7 days of WordPress plugins, themes & templates - for free!* Unlimited asset downloads! Start 7-Day Free Trial
FREELessons: 67Length: 8.9 hours

Next lesson playing in 5 seconds

Cancel
  • Overview
  • Transcript

5.10 Working With the `@HostListener` Decorator

Let's wrap up this chapter with a look at the @HostListener directive. This allows us to add an event listener that targets something outside of the component itself—for example, the document.

1.Introduction
6 lessons, 42:00

1.1
Introduction
00:48

1.2
Get Started With Angular-CLI
11:09

1.3
Developing With Angular-CLI
13:17

1.4
TypeScript vs. JavaScript
06:54

1.5
Angular Modules From the CLI
04:31

1.6
CLI Options
05:21

2.Get Started With Angular
7 lessons, 42:38

2.1
Bootstrapping the Application
04:30

2.2
The Application Module
04:15

2.3
The Application Component
08:06

2.4
Component Styling
03:06

2.5
Global Styling
05:11

2.6
Creating a Component With the CLI
09:34

2.7
Creating a Service With the CLI
07:56

3.Core Concepts
7 lessons, 55:20

3.1
Component Trees
06:20

3.2
Dependency Injection
06:52

3.3
Content Projection
05:38

3.4
Component and Directive Lifecycle Methods
06:31

3.5
Component-Only Lifecycle Methods
05:28

3.6
Decorators
07:36

3.7
Models
16:55

4.Template Deep Dive
11 lessons, 1:10:56

4.1
Basic Data Binding With Interpolation
05:35

4.2
Property Bindings
07:07

4.3
Attribute Bindings
03:29

4.4
Event Bindings
08:16

4.5
Class and Style Bindings
05:44

4.6
The `NgClass` and `NgStyle` Directives
05:04

4.7
The `*ngIf` Directive
04:41

4.8
The `*ngFor` Directive
09:29

4.9
Inputs
05:33

4.10
Using Pipes in a Template
07:31

4.11
Using Pipes in a Class
08:27

5.Forms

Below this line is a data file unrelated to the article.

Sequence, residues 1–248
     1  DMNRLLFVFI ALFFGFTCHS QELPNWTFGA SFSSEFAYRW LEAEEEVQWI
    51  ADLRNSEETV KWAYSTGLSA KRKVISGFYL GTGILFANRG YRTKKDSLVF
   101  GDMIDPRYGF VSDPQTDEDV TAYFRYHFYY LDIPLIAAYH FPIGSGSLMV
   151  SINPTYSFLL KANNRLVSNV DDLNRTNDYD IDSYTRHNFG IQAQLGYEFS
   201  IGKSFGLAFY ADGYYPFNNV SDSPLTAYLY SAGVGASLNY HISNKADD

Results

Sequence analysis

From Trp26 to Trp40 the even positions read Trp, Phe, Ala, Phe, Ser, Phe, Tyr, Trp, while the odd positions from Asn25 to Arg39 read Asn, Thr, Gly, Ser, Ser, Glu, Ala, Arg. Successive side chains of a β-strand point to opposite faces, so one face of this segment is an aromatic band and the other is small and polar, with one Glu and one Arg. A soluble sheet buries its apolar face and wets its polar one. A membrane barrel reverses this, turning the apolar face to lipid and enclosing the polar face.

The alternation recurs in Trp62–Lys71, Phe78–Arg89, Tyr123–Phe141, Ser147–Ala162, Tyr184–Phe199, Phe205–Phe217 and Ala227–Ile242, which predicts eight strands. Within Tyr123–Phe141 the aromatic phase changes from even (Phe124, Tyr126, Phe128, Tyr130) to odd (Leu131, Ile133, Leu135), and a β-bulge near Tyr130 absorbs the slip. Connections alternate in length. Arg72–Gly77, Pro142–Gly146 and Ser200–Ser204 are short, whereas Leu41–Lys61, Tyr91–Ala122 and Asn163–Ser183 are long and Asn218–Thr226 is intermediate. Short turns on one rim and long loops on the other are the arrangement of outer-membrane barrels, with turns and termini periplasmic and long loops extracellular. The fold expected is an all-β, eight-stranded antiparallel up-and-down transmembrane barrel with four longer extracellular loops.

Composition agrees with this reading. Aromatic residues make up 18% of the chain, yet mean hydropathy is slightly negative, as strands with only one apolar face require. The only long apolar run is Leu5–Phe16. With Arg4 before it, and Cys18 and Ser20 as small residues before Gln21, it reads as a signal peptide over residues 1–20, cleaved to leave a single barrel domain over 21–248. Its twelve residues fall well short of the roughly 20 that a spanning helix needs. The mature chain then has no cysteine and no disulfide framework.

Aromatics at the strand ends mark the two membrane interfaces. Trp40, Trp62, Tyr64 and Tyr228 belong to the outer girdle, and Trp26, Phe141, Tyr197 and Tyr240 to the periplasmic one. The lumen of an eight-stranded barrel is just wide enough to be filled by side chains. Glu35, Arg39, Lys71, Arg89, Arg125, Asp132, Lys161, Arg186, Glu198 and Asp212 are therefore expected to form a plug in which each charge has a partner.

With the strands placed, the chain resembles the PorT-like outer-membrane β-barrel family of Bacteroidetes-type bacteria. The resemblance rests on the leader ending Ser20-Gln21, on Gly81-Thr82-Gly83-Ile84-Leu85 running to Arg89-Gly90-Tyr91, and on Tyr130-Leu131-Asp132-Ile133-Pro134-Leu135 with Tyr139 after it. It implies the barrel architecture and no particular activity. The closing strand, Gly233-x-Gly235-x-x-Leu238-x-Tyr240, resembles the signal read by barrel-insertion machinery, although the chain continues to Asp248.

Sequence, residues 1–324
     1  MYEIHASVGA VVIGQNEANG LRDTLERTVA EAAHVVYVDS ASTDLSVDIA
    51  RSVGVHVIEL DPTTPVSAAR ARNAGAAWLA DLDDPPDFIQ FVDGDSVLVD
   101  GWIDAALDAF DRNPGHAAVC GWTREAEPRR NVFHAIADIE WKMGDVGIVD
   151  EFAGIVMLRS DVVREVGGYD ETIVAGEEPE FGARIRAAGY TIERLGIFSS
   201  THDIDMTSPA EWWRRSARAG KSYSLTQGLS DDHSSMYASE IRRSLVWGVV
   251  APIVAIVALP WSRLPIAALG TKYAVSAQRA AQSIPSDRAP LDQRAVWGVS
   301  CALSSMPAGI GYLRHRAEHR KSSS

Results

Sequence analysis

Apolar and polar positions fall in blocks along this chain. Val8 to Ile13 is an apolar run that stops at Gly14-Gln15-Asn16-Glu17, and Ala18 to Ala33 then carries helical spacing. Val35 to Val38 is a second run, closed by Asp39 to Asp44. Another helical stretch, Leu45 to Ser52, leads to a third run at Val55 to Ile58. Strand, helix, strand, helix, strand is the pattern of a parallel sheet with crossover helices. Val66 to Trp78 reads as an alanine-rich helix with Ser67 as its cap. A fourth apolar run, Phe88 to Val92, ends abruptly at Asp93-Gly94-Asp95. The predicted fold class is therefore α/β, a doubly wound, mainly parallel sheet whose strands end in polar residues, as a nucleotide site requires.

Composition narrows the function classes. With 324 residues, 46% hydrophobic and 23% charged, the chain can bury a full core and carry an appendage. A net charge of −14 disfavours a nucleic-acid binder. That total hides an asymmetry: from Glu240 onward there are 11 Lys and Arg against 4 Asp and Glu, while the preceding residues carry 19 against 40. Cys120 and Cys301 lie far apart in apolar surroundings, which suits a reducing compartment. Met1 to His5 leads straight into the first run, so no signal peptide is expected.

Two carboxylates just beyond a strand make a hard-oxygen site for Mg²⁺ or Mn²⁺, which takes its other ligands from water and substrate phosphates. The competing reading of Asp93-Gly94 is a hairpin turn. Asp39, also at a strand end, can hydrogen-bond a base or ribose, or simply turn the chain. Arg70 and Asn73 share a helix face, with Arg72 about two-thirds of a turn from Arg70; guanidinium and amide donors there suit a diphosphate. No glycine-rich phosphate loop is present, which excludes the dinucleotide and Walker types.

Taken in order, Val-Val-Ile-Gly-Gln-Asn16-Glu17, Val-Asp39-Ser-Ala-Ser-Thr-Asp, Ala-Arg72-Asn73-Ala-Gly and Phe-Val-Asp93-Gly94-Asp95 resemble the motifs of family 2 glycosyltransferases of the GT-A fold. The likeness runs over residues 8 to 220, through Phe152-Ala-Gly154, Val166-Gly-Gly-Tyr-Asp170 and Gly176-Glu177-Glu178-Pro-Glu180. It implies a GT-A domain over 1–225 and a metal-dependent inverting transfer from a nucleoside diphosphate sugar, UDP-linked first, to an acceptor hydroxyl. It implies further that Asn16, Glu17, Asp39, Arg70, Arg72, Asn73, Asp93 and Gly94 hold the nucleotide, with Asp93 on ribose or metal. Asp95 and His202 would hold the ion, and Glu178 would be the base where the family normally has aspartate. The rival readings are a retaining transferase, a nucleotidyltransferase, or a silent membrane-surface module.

10 lessons, 1:45:41

5.1
Handling User Input With Template Reference Variables
07:06

5.2
Template-Driven Forms
11:10

5.3
Template-Driven Forms: Validation and Submission
14:00

5.4
Reactive Forms
11:26

5.5
Using a `FormBuilder`
08:01

5.6
Reactive Validation With Built-in Validators
14:53

5.7
Creating Custom Validators for Template-Driven Forms
12:18

5.8
Creating Custom Validators for Reactive Forms
08:26

5.9
Observing Form State Changes
12:40

5.10
Working With the `@HostListener` Decorator
05:41

6.Routing
9 lessons, 1:15:10

6.1
Defining and Configuring Routes
07:53

6.2
Rendering Components With Router Outlets
10:14

6.3
Using Router Links for Navigation
05:25

6.4
Navigating Routes Using the Router
06:24

6.5
Determining the Active Route Using an Activated Route
07:16

6.6
Working With Route Parameters
10:42

6.7
Using Route Guards
07:36

6.8
Observing Router Events
10:55

6.9
Adding Child Routes
08:45

7.Using the HTTP Client
5 lessons, 56:24

7.1
Sending an HTTP Request
10:52

7.2
Handling an HTTP Response
11:22

7.3
Setting Request Headers
12:33

7.4
Intercepting Requests
09:04

7.5
Finishing the Example Application
12:33

8.Testing
10 lessons, 1:23:27

8.1
Service Unit Test Preparation
10:45

8.2
Unit Testing Services
13:24

8.3
Component Unit Test Preparation
12:35

8.4
Unit Testing Components
07:27

8.5
Unit Testing Component Templates
06:58

8.6
Unit Testing Pipes
04:41

8.7
Unit Testing Directives
04:56

8.8
Unit Testing Validators
04:48

8.9
Unit Testing Observables
11:37

8.10
Unit Testing HTTP Interceptors
06:16

9.Building for Production
1 lesson, 03:40

9.1
Building for Production
03:40

10.Conclusion
1 lesson, 01:32

10.1
Conclusion
01:32


5.10 Working With the `@HostListener` Decorator